Same problems you’re facing in the context of artificial intelligence law as well.

So when an artificial intelligence algorithm goes rogue, whom do you punish?

You punish the algorithm, you punish the person who’s written the algorithm, or do you punish the person who’s the owner of the algorithm or is using the algorithm – these are great questions but there are no concrete answers as we talk right now. But logically as I go forward, I believe that whatever store will have to evolve in a direction where metaverse users will have to be made responsible for the criminal activities that are done on the metaverse either by themselves directly or by the usage of the digital avatars.

How do we effectively regulate metaverse – specifically the breach of cybersecurity?

Metaverse is going to be unsecure. It is already happening as a number of breaches of cybersecurity and the metaverse are taking place. Cybersecurity is a thriving economic industry, and therefore breaching the cybersecurity of Metaverse, properties, assets, digital avatars, activities or even computer resources on the metaverse would be a very logical and attractive phenomenon for cybercriminals and cyber security breaches. But then how do we go ahead and regulate the breach of cybersecurity and the metaverse? There is no denying the fact that they would require dedicated legal frameworks.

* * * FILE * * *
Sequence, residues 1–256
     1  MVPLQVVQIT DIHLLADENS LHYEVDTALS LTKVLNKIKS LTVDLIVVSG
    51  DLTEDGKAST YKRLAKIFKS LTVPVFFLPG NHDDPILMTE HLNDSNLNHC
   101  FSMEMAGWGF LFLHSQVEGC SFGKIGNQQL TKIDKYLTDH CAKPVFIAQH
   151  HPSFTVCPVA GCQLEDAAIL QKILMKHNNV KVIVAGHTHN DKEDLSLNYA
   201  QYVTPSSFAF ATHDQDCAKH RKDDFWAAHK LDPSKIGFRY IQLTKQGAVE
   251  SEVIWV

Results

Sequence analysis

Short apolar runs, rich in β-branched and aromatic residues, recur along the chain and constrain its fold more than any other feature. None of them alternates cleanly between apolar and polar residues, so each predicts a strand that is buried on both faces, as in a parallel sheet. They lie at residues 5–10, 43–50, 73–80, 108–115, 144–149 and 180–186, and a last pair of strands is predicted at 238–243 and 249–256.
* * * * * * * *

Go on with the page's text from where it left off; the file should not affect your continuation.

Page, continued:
Can the existing National Cybersecurity laws be made applicable to metaverse?

Yes. Because right now, it’s a strange world that we’re living in internationally speaking, there is no international cybersecurity law treaty arrangement in place. So, different countries have already started coming up with distinctive national laws on cybersecurity. And these laws are being drafted in very broad terms. I think these broad terms that are using these laws could equally be made applicable in the context of the metaverse at large.

And therefore, if there’s a breach of security in the metaverse, then the provisions of the National Cybersecurity laws as are existing in different countries would also be made applicable in the context of the metaverse per se.